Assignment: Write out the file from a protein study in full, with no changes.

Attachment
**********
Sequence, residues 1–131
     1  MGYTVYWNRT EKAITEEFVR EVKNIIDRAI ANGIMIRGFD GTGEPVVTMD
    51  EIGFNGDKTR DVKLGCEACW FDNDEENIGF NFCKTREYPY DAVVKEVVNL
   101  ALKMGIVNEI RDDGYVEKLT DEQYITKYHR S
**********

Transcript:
Sequence, residues 1–131
     1  MGYTVYWNRT EKAITEEFVR EVKNIIDRAI ANGIMIRGFD GTGEPVVTMD
    51  EIGFNGDKTR DVKLGCEACW FDNDEENIGF NFCKTREYPY DAVVKEVVNL
   101  ALKMGIVNEI RDDGYVEKLT DEQYITKYHR S